These are not easy or happy times in the Middle East. If the past year is anything to go by, things are only getting harder for Israelis and Palestinians. We are collectively sliding slowly down a slippery slope toward some sort of ugly, violent, and tribal one-state reality. Just look at the recent Pew Survey’s finding that roughly half of Israeli Jews look approvingly on the notion of expelling Arabs from the country. Look at the extensive incitement on Palestinian Authority media, the wave of knife attacks and the dismal socio-economic state of the Gaza Strip. How are we—Israelis and American Jews—going to deal with this reality in the years to come? Where do Shalom Achshav (Peace Now in Israel) and Americans for Peace Now fit in? —Yossi Alpher
My latest book, No End of Conflict: Rethinking Israel-Palestine reflects this somber mood. One of the key points I make in the book is that the American Jewish community will increasingly feel the impact of the negative direction Israeli-Palestinian relations are taking. In other words, American Jews have to come to terms with some unpleasant Israeli realities. No End of Conflict lays out a variety of scenarios for possible developments in the coming decade that fall well short of the two-state solution we would all like to see. These include limited unilateral withdrawal, a ceasefire with Gaza and a UN Security Council resolution mandating a Palestinian state, but also creeping annexation and full-scale Arab revolt in the West Bank. The book concludes:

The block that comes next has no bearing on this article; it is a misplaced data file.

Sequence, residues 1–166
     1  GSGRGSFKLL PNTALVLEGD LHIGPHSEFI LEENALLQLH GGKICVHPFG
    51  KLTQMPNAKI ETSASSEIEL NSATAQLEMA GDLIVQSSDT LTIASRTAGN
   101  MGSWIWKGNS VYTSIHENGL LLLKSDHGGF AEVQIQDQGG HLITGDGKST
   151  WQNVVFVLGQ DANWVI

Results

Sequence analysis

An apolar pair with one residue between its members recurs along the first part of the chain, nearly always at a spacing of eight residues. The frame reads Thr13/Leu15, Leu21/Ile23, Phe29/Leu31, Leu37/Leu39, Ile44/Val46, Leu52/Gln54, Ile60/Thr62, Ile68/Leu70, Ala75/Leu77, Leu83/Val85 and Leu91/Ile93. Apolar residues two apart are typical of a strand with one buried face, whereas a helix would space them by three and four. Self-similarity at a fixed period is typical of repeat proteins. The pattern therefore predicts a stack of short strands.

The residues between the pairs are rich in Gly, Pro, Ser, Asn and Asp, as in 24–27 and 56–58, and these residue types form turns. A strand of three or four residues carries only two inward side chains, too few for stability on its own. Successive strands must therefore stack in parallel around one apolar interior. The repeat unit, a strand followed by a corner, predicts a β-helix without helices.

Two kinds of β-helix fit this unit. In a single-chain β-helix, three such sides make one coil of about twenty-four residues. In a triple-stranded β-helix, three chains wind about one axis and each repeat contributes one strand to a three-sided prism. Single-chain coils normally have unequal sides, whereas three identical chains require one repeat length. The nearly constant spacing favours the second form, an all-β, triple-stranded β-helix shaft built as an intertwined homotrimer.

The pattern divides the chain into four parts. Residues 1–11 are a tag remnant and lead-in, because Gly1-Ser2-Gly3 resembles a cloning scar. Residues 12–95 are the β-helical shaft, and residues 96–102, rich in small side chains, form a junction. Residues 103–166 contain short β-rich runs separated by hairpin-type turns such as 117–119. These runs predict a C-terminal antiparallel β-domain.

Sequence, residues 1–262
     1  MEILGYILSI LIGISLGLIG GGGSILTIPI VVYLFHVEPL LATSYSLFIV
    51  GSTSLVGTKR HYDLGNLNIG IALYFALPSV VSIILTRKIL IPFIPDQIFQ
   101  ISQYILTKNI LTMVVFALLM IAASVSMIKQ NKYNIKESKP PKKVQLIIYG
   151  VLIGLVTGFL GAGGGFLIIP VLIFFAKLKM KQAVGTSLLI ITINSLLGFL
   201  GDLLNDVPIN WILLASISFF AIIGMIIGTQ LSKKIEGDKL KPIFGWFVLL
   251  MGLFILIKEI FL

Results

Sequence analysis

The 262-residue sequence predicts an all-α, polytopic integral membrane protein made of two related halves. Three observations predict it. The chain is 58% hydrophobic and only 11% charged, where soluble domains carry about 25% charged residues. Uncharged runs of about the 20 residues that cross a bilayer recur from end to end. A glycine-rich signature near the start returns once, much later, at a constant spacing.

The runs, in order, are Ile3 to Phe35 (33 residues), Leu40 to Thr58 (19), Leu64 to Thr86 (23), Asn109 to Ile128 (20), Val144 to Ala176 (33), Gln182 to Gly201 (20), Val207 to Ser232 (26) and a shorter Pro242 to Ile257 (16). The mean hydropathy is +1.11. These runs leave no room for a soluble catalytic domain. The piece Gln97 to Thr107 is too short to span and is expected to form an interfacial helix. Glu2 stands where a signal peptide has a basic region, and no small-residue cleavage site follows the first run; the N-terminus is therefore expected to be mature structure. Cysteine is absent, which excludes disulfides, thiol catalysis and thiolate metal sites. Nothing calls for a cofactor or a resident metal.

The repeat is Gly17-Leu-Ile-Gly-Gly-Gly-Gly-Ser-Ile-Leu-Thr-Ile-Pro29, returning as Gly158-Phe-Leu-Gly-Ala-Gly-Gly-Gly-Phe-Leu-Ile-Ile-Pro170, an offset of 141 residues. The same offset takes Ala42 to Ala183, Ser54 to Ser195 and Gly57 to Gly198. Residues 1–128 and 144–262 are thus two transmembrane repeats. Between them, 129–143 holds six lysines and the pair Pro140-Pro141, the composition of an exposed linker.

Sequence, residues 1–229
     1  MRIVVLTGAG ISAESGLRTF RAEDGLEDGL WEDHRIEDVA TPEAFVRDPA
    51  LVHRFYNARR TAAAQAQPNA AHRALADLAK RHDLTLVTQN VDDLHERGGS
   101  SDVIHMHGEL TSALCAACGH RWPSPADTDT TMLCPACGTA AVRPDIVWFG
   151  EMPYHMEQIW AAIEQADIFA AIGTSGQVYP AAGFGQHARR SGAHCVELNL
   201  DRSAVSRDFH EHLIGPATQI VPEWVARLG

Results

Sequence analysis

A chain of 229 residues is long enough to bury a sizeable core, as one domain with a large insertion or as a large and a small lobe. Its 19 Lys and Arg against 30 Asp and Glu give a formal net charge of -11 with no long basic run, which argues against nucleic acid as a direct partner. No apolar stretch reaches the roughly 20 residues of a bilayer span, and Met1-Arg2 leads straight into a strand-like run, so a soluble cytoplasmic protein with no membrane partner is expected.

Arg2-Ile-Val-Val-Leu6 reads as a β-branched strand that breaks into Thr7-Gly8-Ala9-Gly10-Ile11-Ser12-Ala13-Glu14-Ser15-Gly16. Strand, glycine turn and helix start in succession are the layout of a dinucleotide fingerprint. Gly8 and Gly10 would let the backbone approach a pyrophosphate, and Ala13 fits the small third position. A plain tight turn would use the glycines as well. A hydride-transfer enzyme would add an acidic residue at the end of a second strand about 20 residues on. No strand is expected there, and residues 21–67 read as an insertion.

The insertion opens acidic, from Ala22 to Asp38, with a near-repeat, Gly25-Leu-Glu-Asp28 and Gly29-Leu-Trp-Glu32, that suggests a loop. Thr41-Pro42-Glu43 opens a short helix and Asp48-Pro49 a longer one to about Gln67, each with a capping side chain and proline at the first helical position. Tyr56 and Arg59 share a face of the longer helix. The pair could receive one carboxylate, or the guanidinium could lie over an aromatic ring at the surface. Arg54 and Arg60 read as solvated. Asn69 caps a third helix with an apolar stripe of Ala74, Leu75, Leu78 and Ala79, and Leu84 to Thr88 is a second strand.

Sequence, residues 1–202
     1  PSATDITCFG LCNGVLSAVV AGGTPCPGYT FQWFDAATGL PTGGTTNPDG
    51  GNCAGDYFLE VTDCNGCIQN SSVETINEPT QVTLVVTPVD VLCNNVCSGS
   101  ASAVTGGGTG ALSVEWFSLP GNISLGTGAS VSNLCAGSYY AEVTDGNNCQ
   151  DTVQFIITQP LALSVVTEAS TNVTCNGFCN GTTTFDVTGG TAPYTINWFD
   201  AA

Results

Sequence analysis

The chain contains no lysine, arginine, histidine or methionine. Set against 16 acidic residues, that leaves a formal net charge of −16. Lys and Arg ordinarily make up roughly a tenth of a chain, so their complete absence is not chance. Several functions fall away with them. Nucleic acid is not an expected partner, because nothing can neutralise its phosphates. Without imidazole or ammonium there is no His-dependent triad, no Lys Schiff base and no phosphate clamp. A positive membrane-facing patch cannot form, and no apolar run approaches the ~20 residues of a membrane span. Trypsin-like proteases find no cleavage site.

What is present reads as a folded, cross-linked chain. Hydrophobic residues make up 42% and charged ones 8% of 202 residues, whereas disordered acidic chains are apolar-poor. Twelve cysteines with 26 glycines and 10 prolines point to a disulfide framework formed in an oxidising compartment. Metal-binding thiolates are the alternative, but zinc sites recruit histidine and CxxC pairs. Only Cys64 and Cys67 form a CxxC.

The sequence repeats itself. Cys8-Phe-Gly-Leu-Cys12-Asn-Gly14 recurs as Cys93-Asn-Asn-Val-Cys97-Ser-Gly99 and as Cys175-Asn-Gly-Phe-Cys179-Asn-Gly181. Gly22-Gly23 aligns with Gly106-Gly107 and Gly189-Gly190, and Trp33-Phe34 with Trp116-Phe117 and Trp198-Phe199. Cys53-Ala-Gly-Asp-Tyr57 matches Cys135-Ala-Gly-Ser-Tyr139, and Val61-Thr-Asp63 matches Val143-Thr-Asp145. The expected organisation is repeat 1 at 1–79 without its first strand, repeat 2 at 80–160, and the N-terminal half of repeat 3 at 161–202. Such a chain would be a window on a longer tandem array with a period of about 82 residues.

Certainly, one key factor pervades all the scenarios: internal discord, violence, and repression inside expanded Israel cannot be confined to that small country; these phenomena will affect the region and, indeed, the international scene. This means that Israel’s problem is also the region’s problem, Europe’s problem, America’s problem, and American Jewry’s problem. It means that Israel’s West Bank policies over nearly fifty years add up to a strategic mistake worthy of being listed in Barbara Tuchman’s 1984 The March of Folly alongside the Trojan War and the US war in Vietnam. . . . And it means that Israel’s current phantom well-being—a booming economy, ties with Arab neighbors, strong political and economic counteroffensives against international boycott campaigns that seem to display more noise than substance—will soon inevitably be crumbling at the edges.
If this assessment is valid, all these regional, international, and Jewish actors must begin to consider how they are going to adapt to a future increasingly likely to be characterized by the absence of a solution and a creeping apartheid reality in Israel-Palestine. How can they prevent destabilizing spillover effects on the region, particularly among Jordan’s ethnic Palestinian majority? How will the American Jewish mainstream define its underlying values when confronted by a nondemocratic Israel? And if this assessment is in fact valid, the relevant think tanks and research institutes in Israel and everywhere else must consider altering their agendas. . . . They should begin to look at the modalities of Israel’s future behavior under extreme duress and adversity, along with the strategic ramifications for Israel itself of its increasingly negative regional and international status as the length of the occupation approaches fifty years. Will partial measures to lower the profile of the conflict still be viable? How will Israeli chaos interact with Arab chaos?
This is a bleak picture, but not a hopeless one. There is a lot that Israelis and American Jews can do under these circumstances to seek a Zionist, Jewish and democratic Israel that does not rule over Palestinians. This is where Shalom Achshav and Americans for Peace Now (APN) enter the picture. Virtually alone in Israel, Shalom Achshav is documenting West Bank settlement construction, the “sanitizing” of illegal (under Israeli law!) outposts and the theft of private Palestinian lands that, together, nurture Israel’s creeping annexation.